The thing I’ve struggled with the most, lately, has been the idea of trying to understand everything that’s happened these past couple of months. I’ve been wrestling with, “Well what was the point, then?!” and came up shorthanded every time, which only frustrated me more.

But last night I finished reading Cameron Conant’s second memoir “The Year I Got Everything I Wanted,” which had been a Christmas present. While I really enjoyed his first book, this second one was definitely the capstone of the two endeavors—rich writing (the book parallels Solomon’s book of Ecclesiastes, which is a pretty cool literary approach) but also full of insights and lessons to be taken and bookmarked. One such one spoke volumes to me as he started a new chapter off with this verse from Ecclesiastes, which i underlined about a dozen times (filling up as much space as i could with the emphasis-marks) because it was so poignant and especially fitting:

Ecclesiastes 11:5: as you do not know the path of the wind, or how the body is formed in a mother’s womb, SO YOU CANNOT UNDERSTAND THE WORK OF GOD, THE MAKER OF ALL THINGS.

The thing is, when it comes to things like creation and evolution and physics, I have no problem shrugging my shoulders and saying, “Well isn’t that evidence itself of God?” i just know that it’s God who’s behind all them and how in the world could we even begin to fathom Him and His ways?! So with those big-picture issues, i’m completely content to just accept them as-is and as bigger than my comprehension. In fact, that complexity is what i love about Him! but when that complexity creeps into my own life, i wrestle and thrash as i try to make sense of it all. why, oh why?!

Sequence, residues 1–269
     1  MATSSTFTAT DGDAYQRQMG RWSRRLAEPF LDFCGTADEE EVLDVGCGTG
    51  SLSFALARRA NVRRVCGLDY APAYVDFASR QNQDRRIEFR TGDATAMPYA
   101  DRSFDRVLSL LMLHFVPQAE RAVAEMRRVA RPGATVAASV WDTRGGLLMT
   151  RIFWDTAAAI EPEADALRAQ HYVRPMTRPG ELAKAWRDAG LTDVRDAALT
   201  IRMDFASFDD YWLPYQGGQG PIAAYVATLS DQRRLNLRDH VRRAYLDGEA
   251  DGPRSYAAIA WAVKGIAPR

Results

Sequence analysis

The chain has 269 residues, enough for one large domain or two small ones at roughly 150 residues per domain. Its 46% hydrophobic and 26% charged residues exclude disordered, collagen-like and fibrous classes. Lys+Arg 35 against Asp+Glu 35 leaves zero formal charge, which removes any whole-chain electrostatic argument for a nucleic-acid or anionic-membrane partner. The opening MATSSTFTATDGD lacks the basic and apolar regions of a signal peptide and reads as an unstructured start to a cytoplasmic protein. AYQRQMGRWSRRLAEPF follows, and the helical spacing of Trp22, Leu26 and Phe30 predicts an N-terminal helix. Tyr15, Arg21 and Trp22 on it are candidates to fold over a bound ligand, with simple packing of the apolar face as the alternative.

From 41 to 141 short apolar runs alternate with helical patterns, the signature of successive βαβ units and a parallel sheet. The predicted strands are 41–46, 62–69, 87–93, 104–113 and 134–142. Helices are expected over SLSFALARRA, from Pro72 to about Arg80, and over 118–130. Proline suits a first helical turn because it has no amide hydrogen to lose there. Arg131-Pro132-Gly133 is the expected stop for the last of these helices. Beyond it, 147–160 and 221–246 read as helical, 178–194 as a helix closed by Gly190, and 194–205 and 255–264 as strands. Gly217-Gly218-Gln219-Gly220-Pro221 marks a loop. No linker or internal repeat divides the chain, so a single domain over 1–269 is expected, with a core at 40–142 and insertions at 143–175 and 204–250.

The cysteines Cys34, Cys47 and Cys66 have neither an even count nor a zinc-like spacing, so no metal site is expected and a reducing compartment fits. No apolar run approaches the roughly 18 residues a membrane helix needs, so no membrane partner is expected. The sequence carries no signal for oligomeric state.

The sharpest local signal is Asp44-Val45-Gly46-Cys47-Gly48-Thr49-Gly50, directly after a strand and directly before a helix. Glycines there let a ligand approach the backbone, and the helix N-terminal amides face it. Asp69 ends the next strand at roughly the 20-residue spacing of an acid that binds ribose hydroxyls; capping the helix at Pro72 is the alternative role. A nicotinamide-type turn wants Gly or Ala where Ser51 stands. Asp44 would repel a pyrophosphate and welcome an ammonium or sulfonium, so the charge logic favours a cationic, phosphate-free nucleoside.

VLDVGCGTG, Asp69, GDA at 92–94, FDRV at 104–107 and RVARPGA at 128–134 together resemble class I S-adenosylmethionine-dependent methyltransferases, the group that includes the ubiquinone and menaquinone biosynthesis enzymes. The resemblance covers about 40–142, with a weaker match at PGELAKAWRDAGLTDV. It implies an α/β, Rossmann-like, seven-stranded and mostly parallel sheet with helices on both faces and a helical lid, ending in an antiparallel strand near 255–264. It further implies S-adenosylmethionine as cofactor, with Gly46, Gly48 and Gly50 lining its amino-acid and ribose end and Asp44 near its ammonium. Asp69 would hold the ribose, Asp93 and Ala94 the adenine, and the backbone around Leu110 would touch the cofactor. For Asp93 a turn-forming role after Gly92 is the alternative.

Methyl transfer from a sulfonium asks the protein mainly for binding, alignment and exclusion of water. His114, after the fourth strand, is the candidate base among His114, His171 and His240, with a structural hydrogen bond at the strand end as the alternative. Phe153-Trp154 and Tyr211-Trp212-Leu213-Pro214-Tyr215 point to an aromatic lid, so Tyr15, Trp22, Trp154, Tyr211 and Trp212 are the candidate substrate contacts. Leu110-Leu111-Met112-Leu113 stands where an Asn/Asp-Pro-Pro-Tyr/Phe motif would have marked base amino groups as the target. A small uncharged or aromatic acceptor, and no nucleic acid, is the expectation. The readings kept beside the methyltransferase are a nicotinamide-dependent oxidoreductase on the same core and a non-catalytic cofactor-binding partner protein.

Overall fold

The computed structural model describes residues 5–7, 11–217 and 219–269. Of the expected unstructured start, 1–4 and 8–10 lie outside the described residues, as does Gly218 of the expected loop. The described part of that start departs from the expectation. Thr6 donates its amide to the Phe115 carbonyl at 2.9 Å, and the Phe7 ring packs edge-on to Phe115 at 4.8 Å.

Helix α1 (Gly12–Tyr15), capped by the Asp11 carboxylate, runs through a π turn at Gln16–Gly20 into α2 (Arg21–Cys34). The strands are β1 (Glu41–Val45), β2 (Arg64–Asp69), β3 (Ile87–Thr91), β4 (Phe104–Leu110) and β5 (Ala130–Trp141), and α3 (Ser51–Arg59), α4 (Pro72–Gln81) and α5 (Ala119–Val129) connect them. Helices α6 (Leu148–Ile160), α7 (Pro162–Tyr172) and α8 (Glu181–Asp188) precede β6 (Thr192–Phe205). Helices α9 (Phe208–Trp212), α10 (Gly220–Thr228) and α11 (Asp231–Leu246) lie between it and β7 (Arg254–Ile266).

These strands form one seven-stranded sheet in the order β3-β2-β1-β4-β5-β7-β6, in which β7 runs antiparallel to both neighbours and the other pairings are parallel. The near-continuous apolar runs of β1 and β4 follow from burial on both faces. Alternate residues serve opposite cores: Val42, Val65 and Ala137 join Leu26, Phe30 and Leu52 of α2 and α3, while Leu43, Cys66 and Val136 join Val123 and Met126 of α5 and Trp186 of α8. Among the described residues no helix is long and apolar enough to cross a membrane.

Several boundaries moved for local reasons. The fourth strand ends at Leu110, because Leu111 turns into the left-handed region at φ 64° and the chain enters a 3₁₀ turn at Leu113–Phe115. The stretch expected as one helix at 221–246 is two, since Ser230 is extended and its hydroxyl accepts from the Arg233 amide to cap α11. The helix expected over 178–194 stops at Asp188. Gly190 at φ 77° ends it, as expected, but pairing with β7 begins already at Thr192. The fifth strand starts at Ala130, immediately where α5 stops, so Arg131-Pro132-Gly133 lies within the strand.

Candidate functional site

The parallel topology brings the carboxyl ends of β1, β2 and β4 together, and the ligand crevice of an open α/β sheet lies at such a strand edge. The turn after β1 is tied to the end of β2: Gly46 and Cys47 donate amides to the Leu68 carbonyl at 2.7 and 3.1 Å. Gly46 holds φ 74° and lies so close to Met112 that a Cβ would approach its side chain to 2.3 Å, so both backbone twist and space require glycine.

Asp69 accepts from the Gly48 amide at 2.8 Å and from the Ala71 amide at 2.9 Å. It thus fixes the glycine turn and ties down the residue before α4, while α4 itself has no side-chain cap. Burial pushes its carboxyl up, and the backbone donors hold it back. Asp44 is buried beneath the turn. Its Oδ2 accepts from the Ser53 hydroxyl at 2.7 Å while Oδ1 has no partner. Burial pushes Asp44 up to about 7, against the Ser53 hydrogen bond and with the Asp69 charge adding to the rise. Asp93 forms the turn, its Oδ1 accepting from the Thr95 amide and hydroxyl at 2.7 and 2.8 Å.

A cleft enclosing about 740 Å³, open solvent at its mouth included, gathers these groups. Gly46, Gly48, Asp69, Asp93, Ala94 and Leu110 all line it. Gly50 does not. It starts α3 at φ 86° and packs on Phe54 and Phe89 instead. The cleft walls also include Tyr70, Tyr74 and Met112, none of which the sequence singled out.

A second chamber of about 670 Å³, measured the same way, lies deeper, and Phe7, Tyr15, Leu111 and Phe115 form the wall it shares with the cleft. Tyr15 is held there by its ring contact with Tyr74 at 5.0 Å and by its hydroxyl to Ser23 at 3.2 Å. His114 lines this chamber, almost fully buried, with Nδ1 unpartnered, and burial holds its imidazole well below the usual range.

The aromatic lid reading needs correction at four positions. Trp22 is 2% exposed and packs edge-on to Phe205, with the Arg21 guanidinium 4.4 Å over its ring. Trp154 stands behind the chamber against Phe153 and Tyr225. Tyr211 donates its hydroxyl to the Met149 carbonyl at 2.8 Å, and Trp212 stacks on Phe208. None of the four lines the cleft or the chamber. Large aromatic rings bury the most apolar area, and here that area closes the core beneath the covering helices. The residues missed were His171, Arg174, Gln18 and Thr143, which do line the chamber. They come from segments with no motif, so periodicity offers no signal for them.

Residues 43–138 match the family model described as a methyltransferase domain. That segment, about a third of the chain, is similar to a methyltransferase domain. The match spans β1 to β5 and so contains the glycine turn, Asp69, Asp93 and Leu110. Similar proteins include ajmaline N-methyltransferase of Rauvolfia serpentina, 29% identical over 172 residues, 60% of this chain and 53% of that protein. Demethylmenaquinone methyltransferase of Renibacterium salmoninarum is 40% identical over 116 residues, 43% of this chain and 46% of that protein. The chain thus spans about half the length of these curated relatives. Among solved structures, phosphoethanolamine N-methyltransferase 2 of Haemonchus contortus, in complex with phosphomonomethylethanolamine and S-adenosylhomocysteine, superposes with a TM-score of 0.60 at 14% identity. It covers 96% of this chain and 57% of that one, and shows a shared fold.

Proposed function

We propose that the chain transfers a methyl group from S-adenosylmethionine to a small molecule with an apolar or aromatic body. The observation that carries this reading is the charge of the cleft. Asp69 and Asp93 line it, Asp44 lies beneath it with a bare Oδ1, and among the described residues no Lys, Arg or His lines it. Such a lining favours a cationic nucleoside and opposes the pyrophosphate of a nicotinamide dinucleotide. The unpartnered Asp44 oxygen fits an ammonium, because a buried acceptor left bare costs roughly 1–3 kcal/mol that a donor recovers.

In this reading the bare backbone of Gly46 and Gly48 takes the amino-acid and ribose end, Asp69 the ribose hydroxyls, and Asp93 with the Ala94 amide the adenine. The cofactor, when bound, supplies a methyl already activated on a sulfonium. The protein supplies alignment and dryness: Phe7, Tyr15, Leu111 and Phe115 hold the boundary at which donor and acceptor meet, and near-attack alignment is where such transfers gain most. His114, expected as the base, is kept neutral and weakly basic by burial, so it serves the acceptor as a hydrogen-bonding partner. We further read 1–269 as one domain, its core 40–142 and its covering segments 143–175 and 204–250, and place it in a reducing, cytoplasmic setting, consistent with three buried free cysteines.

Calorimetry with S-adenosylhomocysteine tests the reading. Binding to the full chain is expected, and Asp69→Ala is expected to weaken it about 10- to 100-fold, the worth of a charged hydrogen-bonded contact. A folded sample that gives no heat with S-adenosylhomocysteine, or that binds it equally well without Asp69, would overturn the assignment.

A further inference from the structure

And I have to just learn that not everything is for me to understand—perhaps, as is said the the Chronicles of Narnia which I’m still listening my way through–“it’s not part of my story,” and thus not for me to know. That I have to stop struggling to make sense of it and just accept it as is and ask God that if I’m to understand it that I will, and that if not, that he will use it in whatever way he needs to. Because I know it has a purpose—even if I can’t see it. I have to trust in that, and that it’s all about something bigger, anyway…